Egyptian Aquaculture Stakeholders Attend USSEC’s Aqua Seminar on IPRS Construction, Operation and Management at WorldFish Abbassa
- General News
Despite the fact that the Egyptian aquaculture continued to grow impressively over the last decade to reach almost 1.4 million tons in 2016, Egypt is annually importing more than three hundred thousand tons of fish to meet consumer demand (GAFRD). The high demand for fish and other limitations the sector faces on the availability of water and its quality and competition for land use and increasing food safety concerns creates an urgent need to intensify production in existing production areas to meet the growing demand.
In Pond Raceway System (IPRS) technology addresses these constraints by allowing greater management control that yields higher fish production at lower per-unit cost through improved fish survival and feed conversion. The zero water exchange greatly enhances water use efficiency and maximizes water productivity. It also captures nutrients for use as a crop fertilizer and requires minimal use of drugs and chemicals to ensure food safety and enable biosecurity to minimize opportunity of disease outbreak.
IPRS technology was selected for testing in Egypt as a means to address the increasing demand for aquaculture products in the face of mounting economic and environmental constraints to the growth of Egyptian aquaculture production.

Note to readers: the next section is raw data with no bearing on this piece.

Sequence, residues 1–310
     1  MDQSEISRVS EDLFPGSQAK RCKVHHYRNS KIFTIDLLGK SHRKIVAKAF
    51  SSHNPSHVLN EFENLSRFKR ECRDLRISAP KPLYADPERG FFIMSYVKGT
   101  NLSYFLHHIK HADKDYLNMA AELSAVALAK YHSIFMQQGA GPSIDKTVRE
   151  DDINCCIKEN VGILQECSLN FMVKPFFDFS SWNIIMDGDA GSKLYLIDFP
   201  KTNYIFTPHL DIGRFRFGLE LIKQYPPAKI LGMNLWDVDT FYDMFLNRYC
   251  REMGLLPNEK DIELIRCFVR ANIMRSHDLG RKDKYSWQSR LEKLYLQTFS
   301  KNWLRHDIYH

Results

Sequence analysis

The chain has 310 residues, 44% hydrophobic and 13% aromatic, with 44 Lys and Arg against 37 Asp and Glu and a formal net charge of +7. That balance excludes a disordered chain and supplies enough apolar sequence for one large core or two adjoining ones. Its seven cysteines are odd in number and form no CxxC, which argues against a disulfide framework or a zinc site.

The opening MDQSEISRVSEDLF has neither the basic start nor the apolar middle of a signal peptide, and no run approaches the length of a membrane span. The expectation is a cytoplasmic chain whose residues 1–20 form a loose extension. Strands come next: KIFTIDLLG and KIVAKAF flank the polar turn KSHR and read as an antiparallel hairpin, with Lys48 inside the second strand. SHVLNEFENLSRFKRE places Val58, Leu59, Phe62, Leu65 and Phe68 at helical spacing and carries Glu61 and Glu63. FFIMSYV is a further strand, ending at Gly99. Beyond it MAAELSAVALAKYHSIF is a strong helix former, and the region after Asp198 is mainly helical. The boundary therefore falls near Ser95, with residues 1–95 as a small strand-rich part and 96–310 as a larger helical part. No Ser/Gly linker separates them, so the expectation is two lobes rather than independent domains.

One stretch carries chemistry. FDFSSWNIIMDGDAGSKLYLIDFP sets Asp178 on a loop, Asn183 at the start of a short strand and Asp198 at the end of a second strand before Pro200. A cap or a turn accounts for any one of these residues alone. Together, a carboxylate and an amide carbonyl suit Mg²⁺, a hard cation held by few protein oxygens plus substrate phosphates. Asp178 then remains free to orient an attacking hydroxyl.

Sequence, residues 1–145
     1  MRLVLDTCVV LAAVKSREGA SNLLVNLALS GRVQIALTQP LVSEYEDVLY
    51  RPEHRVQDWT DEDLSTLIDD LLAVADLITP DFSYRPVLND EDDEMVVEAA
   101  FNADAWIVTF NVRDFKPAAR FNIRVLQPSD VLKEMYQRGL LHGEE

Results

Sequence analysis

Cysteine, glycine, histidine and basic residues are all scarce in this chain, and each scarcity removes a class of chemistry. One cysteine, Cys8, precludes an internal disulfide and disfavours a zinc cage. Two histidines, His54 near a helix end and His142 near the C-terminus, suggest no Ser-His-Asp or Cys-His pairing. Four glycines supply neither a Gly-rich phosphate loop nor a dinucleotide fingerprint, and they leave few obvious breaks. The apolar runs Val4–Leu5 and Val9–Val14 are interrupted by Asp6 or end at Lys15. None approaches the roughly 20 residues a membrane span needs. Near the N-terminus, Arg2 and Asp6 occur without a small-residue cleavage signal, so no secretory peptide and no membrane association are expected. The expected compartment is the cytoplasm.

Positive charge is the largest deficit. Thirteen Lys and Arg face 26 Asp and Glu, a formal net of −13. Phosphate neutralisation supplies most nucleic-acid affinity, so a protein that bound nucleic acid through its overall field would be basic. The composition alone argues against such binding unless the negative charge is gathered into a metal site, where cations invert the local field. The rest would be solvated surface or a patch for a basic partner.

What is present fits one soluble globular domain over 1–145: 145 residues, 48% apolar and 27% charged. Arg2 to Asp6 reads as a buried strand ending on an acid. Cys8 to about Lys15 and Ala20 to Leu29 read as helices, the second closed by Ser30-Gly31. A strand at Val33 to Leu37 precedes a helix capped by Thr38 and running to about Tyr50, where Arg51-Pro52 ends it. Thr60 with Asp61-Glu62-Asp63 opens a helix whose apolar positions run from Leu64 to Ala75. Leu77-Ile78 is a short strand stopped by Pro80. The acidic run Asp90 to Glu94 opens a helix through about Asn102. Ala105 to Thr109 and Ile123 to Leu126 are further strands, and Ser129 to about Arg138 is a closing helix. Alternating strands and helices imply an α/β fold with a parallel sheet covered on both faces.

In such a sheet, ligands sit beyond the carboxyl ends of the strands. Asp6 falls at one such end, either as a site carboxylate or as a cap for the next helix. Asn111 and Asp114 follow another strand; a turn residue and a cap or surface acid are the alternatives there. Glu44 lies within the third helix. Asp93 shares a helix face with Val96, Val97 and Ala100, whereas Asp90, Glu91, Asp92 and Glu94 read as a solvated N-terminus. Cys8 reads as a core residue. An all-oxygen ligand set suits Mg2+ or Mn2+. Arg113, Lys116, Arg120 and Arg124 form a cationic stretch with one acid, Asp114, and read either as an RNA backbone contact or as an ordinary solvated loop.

Results of the initial system test in 2017 in Egypt indicated that the system is promising, with the main constraint being the initial investment cost. This high initial investment cost lead to the development of a low cost IPRS system at less than 50 percent of the cost for the conventional concrete system. Both systems were stocked with different size tilapia of an improved strain in the 2018 season to compare and evaluate the performance of both systems against each other.
USSEC and the United Soybean Board (USB) organized a two-day aqua seminar and field day event, “IPRS construction, Operation and Management,” held at WorldFish Abbassa February 19 and 20, attended by 45 participants representing all aqua sector stakeholders (fish farmers, feed manufacturers, researchers, and decision makers). The objective of the seminar was to introduce and promote the IPRS system as a means of increasing fish production at no extra use of water to about three folds of normal common production rates in open pond systems.
Seminar participants spent two days at WorldFish Abbassa listening to presentations in the auditorium and experiencing the actual units in operation right in the field. Deliberations over these two days created a growing awareness and interest among participants, some of whom expressed their interest in adopting IPRS technology on their farms and looked to get support and guidance from USSEC and others such as WorldFish.